One reaction was to simply label the perpetrators as “manchester dickheads” – possibly objectively true – but still unhelpful, rather pointless name-calling – “Ahah, you almost mugged me. You’re a dickhead! Oooh. I said a naughty word!”.

I’ve had people say that they hope this won’t change my approach to the world – and for me this was the most well-received response – mainly I suspect – because I’d already decided that this had to be the case, within 10 minutes of the incident.

In my opinion, perhaps, the most empathetic response is to ask how the victim is feeling, then be quiet and let them do the talking.

Final Thoughts

In many ways, however, I suspect that despite people meaning well, I might actually have been happier to not publicise it so much. This may be partly related to my distaste for verbally repeating anecdotes a number of times, but I suspect is also to do with coming to terms with things actually being quite a personal thing, and whilst other people’s perspectives are obviously helpful to themselves, I can find them, at best, hard to relate to, and at worst, somewhat unhelpful.

I was a bit shaken for a while (aka an evening) after the incident, and there’s still the odd flashback or moment where I feel irrationally unsafe, but I’d had enough of talking about it within hours of it happening.

I’m “over” the incident – shit’s gonna happen, in the past and the future, it’s not surprising really, and I’m happy it went as best it could this time.

I’d really like to look forward in life for a while now.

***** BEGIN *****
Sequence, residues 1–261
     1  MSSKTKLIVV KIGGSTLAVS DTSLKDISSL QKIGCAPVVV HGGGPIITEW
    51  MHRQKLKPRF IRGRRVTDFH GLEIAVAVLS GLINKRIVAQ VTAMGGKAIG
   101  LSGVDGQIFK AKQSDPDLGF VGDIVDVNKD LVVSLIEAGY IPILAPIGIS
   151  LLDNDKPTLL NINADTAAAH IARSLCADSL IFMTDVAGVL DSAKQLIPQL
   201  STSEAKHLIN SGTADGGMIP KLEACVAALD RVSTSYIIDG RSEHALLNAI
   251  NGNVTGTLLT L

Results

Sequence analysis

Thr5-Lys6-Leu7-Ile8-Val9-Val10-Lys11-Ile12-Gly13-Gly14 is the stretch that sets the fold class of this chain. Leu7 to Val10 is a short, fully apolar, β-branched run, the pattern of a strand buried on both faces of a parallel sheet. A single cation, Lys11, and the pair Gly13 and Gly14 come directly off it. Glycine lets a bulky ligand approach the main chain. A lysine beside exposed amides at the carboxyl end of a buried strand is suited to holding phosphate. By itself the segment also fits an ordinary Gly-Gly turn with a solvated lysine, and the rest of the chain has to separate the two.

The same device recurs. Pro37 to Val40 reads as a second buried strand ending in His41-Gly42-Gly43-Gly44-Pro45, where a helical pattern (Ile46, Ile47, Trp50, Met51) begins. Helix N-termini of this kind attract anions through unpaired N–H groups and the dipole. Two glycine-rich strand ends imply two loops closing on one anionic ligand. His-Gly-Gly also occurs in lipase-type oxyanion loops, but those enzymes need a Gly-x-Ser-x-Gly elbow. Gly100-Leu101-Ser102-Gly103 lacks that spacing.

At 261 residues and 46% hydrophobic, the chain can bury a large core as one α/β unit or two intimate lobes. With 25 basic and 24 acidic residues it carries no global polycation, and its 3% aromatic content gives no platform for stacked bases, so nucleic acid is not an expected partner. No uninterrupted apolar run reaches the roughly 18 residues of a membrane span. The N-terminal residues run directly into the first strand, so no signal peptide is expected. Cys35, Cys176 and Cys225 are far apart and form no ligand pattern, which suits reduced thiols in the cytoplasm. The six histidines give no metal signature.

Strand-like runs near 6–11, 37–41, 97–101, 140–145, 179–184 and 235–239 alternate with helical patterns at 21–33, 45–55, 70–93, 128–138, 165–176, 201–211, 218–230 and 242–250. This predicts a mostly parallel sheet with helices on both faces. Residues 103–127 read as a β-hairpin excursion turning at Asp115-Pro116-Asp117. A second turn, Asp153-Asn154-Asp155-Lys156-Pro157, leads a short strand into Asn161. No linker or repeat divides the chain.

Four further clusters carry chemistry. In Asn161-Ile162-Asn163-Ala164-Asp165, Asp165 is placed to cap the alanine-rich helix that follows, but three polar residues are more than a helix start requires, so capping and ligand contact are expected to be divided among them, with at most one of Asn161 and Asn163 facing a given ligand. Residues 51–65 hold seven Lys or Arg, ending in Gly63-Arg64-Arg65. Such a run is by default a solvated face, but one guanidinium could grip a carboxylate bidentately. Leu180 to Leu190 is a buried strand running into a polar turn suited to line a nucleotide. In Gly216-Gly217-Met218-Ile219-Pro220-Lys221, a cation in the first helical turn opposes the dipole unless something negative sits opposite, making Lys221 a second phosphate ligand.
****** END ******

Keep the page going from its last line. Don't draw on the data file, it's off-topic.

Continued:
No news is always good news

For a while when I was younger, whenever I went away without my parents, I was confused. All my classmates and peers would always be in constant contact with their family, whilst my parents would cheerily wave goodbye and then eagerly listen to the second by second story upon my return.

It took me a while to realise that this approach was actually a bit different.

When ever someone went away, or travelled somewhere there was no expectation of being called, no excess worrying or thought given to what terrible things could possibly have happened to them – if they needed something, they’d be in touch.

I remember arriving at my French exchange partner’s house and one of the first things I was asked was whether I wanted to call home.

“But why?” I kept thinking – it’d been less than 12 hours since I’d last seen them anyway – they certainly wouldn’t be thinking of phoning me – and what would I have have said anyway?

“Oh hai, I’ve arrived in France, as you can hear, I’m not dead, yet, and the exchange family seem OK, but I’ve only spoken to them for 5 minutes, and in my experience, mass murderers don’t introduce themselves as such. Oh and pat the dog for me. Bye.”

It occurs to me that this mentality – assuming that no news means all is well, and not requiring constant status updates to confirm that, probably pre-dates modern communication technology – if communication is actually excessively laggy (like letters) or expensive (like international telephone communication in the not too distant past), then actually, it’s really the best approach to adopt, as there are very few other options.

Therefore, when I went to Sweden earlier this year, I went completely offline and offgrid for the longest time in many many years – I can’t actually remember the previous time I spent over 7 consecutive days without internet access (or any phone signal!) – my family were somewhat prepared to not recieve instant updates from me. If I needed to be in contact, I’d find someway of doing it.

I talk to my family all the time, but if I don’t hear from people for months at a time, I’ll just assume everything is good and they’re doing they’re own thing – if they have something to say, they’ll get in touch, as I would if I had anything to say.

I think it’s easier this way, don’t you?

Hiking in Sweden
Hiking in Sweden